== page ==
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CARDIOVASCULAR JOURNAL OF AFRICA • Volume 27, No 4, July/August 2016



its long-term outcomes. The aim of our study was to describe

this small, new-generation pump and the first implantation

experience from Istanbul, Turkey.


From December 2011 to December 2013, Heart Assist 5 LVADs

were implanted in nine patients at our hospital. Eight patients

had ischaemic cardiomyopathy and one had adriamycin-induced

cardiomyopathy. The mean age of the patients was 53



(34–64) years (Table 1).

All patients’ pre-operative data (catheterisation,

echocardiography, laboratory and infection parameters) and

haemodynamic status had been assessed at the hospital’s medical

review board meeting to evaluate their selection for LVAD

implantation. All patients had signed informed consent and the

study protocol was approved by the institutional review board.

In December 2011, 55 serial two-dimensional transthoracic

echocardiographic (TTE) examinations had been performed

on these patients with the Vivid 3 (General Electric, Fairfield,

Connecticut), and 16 serial three-dimensional TTE examinations

had been done with the Philips IE33 xMATRIX (Royal Philips

Electronics, Amsterdam, Netherlands). Nine transoesophageal

echocardiograms (TEE) were done in the operating room

under general anaesthesia during the LVAD implantation to

evaluate inflow cannula and septum position, and to monitor

the de-airing process while weaning from cardiopulmonary

bypass. The specific protocol used for these echocardiographic

studies included standard TTE parasternal, apical, subcostal and

suprasternal notch views.


All TTEs and TEEs were performed by certified cardiologists

in different clinical settings. In hospital during the pre-implant

period, they evaluated the intracardiac structure [patent foramen

ovale (PFO), atrial septal defect (ASD)], chamber dimensions,

left ventricular (LV) and right ventricular (RV) function, valvular

structure and function, pericardial disease, volume status and

abnormalities of the aorta. In hospital during the post-implant

LVAD period, the aim was to visualise the septum and inflow

cannula position, the intracardiac volume, outflow conduit,

decompression of the left ventricle with rpm speed change and

its effects on the aortic valve opening time. Doppler interrogation

of the inlet cannula and outflow conduit flows were performed

as described in the literature.


Follow-up TTEs were done for

clinical indications, including LV and RV ejection fraction (EF),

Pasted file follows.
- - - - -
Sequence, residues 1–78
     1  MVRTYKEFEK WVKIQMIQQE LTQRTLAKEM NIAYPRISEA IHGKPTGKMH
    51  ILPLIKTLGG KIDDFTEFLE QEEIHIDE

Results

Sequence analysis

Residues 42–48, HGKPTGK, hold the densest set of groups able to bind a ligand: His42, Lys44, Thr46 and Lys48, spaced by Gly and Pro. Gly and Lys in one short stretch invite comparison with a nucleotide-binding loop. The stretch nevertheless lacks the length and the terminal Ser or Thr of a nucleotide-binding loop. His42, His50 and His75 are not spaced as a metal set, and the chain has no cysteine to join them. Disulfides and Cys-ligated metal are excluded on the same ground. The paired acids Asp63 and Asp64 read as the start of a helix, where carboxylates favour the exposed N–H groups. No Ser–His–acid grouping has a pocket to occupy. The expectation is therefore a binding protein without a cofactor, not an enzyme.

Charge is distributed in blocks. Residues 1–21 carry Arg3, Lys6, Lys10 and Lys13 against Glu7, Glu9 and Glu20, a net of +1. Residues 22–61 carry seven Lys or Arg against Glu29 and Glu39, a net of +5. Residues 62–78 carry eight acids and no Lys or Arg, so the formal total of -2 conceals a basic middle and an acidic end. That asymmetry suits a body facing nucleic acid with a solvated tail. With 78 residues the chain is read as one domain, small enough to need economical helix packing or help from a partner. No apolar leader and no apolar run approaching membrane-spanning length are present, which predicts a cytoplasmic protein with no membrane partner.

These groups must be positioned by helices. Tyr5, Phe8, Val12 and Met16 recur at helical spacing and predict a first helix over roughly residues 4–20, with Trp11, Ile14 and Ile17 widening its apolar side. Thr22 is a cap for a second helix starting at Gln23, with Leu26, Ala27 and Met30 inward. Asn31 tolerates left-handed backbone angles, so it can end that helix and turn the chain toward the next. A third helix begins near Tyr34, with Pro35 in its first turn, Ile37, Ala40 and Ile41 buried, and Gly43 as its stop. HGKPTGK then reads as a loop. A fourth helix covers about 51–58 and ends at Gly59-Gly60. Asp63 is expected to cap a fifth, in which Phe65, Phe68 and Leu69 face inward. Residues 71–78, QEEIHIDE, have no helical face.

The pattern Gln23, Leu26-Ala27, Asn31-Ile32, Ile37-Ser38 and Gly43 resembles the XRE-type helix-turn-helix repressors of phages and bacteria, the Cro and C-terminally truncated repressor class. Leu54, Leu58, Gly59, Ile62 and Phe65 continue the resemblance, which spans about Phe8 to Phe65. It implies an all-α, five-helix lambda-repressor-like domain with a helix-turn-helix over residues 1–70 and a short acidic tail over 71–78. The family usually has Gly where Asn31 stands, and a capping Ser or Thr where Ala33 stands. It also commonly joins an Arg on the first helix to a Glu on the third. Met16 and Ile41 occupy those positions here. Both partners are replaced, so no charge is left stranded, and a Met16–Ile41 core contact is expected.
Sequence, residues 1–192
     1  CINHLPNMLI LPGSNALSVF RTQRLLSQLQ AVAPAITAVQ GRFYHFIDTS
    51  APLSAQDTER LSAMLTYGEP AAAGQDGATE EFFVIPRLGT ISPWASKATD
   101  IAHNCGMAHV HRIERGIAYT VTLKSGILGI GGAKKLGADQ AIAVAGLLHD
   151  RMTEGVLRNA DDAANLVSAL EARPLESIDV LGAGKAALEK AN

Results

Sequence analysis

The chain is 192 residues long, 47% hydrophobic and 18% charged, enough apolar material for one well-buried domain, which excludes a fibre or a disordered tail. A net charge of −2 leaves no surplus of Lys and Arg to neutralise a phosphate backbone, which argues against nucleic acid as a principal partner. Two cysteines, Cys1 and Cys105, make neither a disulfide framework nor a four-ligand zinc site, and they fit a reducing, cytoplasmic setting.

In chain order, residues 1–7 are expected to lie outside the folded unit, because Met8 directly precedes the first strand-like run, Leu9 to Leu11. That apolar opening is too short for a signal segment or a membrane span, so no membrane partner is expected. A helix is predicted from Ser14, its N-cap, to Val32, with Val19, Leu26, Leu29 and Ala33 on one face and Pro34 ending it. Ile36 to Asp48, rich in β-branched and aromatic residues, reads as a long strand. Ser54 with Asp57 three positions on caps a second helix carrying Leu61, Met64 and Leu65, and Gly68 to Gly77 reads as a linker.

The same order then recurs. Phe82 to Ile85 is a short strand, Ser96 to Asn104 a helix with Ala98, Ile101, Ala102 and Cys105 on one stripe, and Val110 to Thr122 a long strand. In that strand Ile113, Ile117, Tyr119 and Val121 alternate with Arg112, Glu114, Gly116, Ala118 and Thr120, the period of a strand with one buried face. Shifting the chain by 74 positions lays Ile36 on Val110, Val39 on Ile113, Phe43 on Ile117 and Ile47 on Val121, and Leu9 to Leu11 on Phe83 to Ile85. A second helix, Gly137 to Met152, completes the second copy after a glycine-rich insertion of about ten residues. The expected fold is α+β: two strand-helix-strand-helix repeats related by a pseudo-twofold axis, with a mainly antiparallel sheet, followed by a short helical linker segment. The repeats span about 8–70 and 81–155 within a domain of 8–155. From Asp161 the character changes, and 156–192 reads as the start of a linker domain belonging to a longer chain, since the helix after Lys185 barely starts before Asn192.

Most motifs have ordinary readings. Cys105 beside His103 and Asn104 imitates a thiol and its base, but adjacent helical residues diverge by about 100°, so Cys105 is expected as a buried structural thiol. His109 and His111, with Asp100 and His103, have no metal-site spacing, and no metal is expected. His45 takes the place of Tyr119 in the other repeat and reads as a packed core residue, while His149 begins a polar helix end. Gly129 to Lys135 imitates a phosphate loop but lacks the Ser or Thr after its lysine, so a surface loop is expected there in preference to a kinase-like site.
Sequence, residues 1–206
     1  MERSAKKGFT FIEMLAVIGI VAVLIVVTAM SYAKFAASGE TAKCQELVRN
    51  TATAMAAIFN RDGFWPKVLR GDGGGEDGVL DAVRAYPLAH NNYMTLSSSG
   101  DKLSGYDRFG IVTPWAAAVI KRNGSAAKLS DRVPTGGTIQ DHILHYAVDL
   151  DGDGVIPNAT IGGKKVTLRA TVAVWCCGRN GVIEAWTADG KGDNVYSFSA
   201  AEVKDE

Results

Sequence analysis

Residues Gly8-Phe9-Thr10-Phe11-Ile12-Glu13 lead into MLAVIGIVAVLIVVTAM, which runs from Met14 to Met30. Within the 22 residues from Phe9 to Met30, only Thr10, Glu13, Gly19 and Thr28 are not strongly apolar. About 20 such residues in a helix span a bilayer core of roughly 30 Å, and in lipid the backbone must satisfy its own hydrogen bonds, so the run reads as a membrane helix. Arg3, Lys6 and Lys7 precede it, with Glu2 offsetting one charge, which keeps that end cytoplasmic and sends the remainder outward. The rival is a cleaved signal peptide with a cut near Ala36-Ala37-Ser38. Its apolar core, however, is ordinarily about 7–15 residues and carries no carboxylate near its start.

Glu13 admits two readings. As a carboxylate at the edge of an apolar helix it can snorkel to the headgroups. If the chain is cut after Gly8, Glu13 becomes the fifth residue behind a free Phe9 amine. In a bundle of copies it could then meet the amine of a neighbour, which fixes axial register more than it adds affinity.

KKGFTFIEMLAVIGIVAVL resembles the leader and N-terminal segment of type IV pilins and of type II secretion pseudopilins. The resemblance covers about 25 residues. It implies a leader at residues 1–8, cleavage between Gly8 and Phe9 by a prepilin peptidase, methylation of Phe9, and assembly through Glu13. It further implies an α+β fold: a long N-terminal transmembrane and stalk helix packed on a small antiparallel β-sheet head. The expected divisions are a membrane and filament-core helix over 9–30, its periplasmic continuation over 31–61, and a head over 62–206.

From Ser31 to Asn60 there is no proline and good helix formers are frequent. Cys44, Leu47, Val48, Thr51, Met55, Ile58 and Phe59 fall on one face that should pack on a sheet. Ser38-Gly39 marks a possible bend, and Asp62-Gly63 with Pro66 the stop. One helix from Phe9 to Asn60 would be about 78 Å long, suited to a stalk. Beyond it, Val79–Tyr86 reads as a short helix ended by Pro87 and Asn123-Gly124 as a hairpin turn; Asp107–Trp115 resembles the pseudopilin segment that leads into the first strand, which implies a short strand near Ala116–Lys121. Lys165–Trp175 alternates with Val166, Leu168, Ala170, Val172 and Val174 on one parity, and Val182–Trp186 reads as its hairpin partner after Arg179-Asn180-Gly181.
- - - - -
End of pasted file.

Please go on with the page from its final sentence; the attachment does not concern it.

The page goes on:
RV fractional area contraction (RVFAC), unexplained change in

haemodynamic status including minor dehydration, ventricular

tachycardia attacks, suspicion of device malfunction, excess

current alarms, and optimisation of LVAD speed.

Echo-specific parameters and differences in image quality or

artifact generation were not evaluated in our study. During all

echocardiographic studies, the transplant surgeons were at the

bedside or in the out-patient clinic, in communication with the heart

failure cardiologist setting up the pump parameters, optimising the

LVAD speed, and observing the aortic valve opening times and

septum inflow cannula position to prevent the suction cascade.

Images from 55 TTEs were retrospectively analysed by the

heart failure cardiologist who had mainly performed all these

echo studies. The inlet cannula/outflow conduit velocities were

measured in m/s by spectral Doppler. The pulsality index of the

pump, LV end-diastolic dimension (LVEDD), LV end-systolic

dimension (LVESD), interventricular septum (IVS), posterior

wall thickness, RVFAC, and tricuspid annular plane systolic

excursion (TAPSE) were measured, and the functioning of the

valves was routinely evaluated pre-implant and at the second

week, and first, third, sixth, ninth and 12th months post-implant.

Statistical analysis

All echocardiographic data were collected in parallel with the

patients’ laboratory parameters (biochemical, blood count,

coagulation profile) in an electronic database, and descriptive

statistics were calculated using Microsoft Excel (Microsoft Corp,

Redmond, Washington). Continuous variables were expressed as

the mean value


standard deviation.


As our Heart Assist 5 LVAD patient data were limited, we did

not compare the patients’ outcome parameters pre- versus post-

implant, knowing that with this small group, all analyses would

be statistically non-significant. We therefore analysed these

patients’ data as descriptive statistics.

The titanium impeller of Heart Assist 5 LVAD is small, light-

weight and located pericardially. The titanium housing enables

direct visualisation of the impeller. The outflow and inflow

cannulas were visualised in all studies. The inflow cannula and

septum (left, right, neutral) position, outflow graft anastomosis

to the aorta, aortic valve cusp status, and aortic valve opening

times with speed changes were evaluated and visualised in all 55

echocardiographic studies (Figs 4–6).

Pre-implant echocardiographic data of the six patients: mean

EF was 23


5 (18–28)%, mean LVEDD was 6.9


0.6 (6.3–7.7)

cm, mean LVESD was 5.8


0.5 (5.1–6.4) cm, mean IVS was 0.9


0.1 (0.9–1.1) cm, mean RVFAC was 43


9 (35–55)%, and mean

TAPSE was 17


4 (13–23) mm.

The 12-month post-implant echocardiographic data of the

six patients were: mean EF was 19


6 (10–25)%, mean LVEDD

was 6.4


0.4 (6.1–7.0) cm, mean LVESD was 5.6


0.3 (5.2–6.0)

cm, mean RVFAC was 35


11(21–43), mean TAPSE was 13



(11–16) mm, mean rpmwas 9 800


600 (9 500–10 400) rpm, mean

pulsality index (PI) was 2.79


1.7 (1.9–4.9) m/s, outflow cannula

Fig. 4.

Outflow cannula velocity measurement with Doppler.